The arrival of the incoming Class of 2019 on Friday, Aug. 28, will herald the beginning of a year’s worth of celebrations at Hope College.

Hope will be commemorating its sesquicentennial across the forthcoming 2015–16 school year, leading up to the 150th anniversary of the college’s chartering on May 14, 1866. The first few days of the new school year will also include a ground-breaking ceremony for the Jim and Martie Bultman Student Center on Monday, Aug. 31, and the opening of the Jack H. Miller Center for Musical Arts and Kruizenga Art Museum (the latter on September 9). Early-semester celebration of the 150th will include the 50th annual Hope-Holland Community Day picnic at Windmill Island Gardens on Saturday, Sept. 5.

The new school year will be the college’s 154th, since Hope enrolled its first freshman class in the fall of 1862, with the first graduation taking place on July 17, 1866, two months after Hope received its Charter of Incorporation from the State of Michigan.

Hope had record application interest this year and anticipates overall enrollment near last year’s record high of 3,433, although the college won’t make a formal count until mid-September, a few weeks into the school year.

Opening convocation

The academic year will begin formally with the annual Opening Convocation on Sunday, Aug. 30, at 2 p.m. in the Richard and Helen DeVos Fieldhouse. The featured speaker will be Dr. Virginia Beard, who is an associate professor of political science and director of the Women’s and Gender Studies Program at Hope. The public is invited to the convocation, and admission is free.

Read more about Dr. Virginia Beard

Beard has been a member of the faculty since 2007 and is beginning a three-year term as director of Hope’s Women and Gender Studies Program this fall. Her areas of specialization are comparative politics, focused on Africa, as well as public policy. Her research interests are in the areas African political development; democratization; conflict and stability; land rights in Africa; the role of institutions in political development; identity politics with a focus on gender, religion and ethnicity; public policy in political development; homelessness policy; and public policy and poverty. She has spent much time in Kenya and Northern Ireland, and has language experience in both Swahili and German.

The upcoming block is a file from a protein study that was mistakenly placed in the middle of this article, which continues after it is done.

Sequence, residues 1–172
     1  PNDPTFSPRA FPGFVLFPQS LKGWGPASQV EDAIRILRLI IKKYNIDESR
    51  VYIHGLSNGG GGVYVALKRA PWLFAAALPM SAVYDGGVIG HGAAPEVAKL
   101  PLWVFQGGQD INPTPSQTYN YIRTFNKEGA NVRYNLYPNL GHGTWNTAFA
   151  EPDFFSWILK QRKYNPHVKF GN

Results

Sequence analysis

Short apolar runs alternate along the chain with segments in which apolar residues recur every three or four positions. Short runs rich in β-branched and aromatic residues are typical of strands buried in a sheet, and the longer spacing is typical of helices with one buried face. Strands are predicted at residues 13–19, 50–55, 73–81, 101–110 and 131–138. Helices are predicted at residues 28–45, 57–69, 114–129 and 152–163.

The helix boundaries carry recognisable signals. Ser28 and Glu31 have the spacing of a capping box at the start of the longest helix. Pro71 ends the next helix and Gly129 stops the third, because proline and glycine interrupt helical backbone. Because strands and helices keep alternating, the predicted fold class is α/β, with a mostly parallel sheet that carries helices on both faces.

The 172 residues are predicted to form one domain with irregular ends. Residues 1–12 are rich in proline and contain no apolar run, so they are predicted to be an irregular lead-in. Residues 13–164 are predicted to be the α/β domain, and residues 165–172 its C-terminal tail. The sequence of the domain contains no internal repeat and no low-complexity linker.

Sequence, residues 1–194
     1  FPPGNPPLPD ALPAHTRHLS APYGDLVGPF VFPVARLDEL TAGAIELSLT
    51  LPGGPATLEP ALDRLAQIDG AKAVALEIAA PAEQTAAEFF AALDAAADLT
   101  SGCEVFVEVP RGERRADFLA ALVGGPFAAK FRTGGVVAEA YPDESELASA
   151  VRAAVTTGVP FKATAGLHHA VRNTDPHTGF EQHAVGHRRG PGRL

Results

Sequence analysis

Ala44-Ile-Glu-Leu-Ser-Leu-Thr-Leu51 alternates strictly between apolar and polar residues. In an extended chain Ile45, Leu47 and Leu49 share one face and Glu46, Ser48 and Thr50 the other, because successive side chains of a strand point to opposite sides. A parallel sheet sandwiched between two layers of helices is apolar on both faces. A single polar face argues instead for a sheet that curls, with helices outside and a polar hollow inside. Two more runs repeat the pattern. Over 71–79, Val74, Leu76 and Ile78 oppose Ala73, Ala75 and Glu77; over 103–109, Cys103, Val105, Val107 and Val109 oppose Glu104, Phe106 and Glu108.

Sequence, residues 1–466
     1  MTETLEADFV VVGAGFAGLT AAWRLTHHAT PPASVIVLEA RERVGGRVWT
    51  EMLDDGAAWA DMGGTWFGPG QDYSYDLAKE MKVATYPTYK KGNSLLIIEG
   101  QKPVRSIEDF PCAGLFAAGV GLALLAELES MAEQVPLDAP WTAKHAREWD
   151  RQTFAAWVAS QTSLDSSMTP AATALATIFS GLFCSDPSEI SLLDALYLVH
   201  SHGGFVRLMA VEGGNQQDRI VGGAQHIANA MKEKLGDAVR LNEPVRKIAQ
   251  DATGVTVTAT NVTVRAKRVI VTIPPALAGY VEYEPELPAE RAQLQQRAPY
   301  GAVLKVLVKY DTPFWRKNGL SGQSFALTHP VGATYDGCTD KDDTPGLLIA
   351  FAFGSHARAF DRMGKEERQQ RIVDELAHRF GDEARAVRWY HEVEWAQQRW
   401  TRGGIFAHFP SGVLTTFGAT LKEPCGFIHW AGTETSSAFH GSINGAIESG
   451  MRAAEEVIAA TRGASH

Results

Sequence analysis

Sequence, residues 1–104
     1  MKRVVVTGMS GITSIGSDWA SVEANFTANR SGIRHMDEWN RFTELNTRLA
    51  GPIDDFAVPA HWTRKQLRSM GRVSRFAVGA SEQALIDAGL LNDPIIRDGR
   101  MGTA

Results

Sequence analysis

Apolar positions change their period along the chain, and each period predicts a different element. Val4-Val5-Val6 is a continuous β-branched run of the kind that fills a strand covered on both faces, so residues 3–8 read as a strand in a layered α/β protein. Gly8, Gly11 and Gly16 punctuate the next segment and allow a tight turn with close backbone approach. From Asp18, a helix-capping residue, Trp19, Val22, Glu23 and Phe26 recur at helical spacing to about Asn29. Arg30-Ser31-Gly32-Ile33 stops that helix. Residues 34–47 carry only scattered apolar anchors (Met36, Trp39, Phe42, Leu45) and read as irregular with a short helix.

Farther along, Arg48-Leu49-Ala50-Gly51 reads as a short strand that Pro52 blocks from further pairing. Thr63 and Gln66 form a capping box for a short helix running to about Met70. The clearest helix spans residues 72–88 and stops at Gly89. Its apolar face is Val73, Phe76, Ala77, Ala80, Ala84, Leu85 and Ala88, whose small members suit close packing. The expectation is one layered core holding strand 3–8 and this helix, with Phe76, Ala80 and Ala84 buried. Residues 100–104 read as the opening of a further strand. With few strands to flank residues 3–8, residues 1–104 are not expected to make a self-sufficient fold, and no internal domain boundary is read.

Her external professional activity includes serving as the book review editor for the “Journal of Poverty and Public Policy.” Her article “Reexamining Current Breast Cancer Screening: An Analysis of the 2009 U.S. Preventative Services Task Force Guidelines for Breast Cancer Screening,” co-authored with Dr. Carol Ann Beard, is forthcoming in “Women & Health.”

In 2012, she was one of only 15 scholars nationwide chosen to participate in the 2012 Lilly Fellows Program Summer Seminar for College and University Teachers, “Teaching Peace and Reconciliation: Theory and Practice in Northern Ireland.” She has received awards from the Great Lakes Colleges Association (GLCA) including a GLCA Library of Congress Digital Humanities grant and GLCA New Directions grant.

In addition to her teaching, she mentors students as collaborative participants in her research projects. Her involvement in the life of the college has also included speaking through the “Last Lecture Series” coordinated by Hope’s chapter of Mortar Board in 2013 and presenting a focus session during the college’s 2012 Critical Issues Symposium focused on reconciliation.

Beard earned a bachelor’s degree in political science with a focus on African Politics and Third World Development from Calvin College in 2000. After a year living in Dallas, Texas, as an AmeriCorps VISTA working on affordable housing and micro-lending projects, she returned to Michigan and pursued graduate studies at Michigan State University, where she earned a master’s degree in public policy and administration in 2005 and her doctorate in political science with a focus on international development and African politics as well as public policy in 2006.

As a graduate student, Beard worked on the Afrobarometer Survey Research Project, a nationally recognized and awarded dataset that covers economic and political opinions among citizens across 18 African nations. She continues to conduct research and evaluation work in East Africa, primarily in Kenya, but also in Rwanda and Uganda.

Prior to joining the Hope faculty, she worked for a year at Public Policy Associates Inc., a Lansing-based policy research and evaluation firm. She also has served as a commissioner on the Greater Lansing Commission on Race and Diversity and is committed to racial reconciliation and being part of community initiatives to combat institutional forms of exclusion and oppression.

Beard is a long-distant runner, completing the Boston Marathon in 2011, 2013 and 2014. She is currently working to combine her hobby of running with her research on poverty alleviation and homelessness by working to create a collaboration with local athletes and runners and up-and-coming Kenyan runners with whom she formerly trained, as well as working with the Holland Rescue Mission to begin a running and exercise program for the mission’s long-term residents. She enjoys running, coaching, reading, spending time investing in local community, and visiting family around Michigan as well as in her homes of Texas and Mississippi. She lives in Holland with her husband, a University of Michigan Law School graduate and attorney in Grand Rapids.

Orientation, Move-in & Classes

Residence halls for new students will open on Friday, Aug. 28, at 10 a.m., with New Student Orientation beginning later that day and continuing through Monday, Aug. 31. 

Residence halls for returning students will open on Sunday, Aug. 30, at noon. 

Fall semester classes will begin on Tuesday, Sept. 1, at 8 a.m.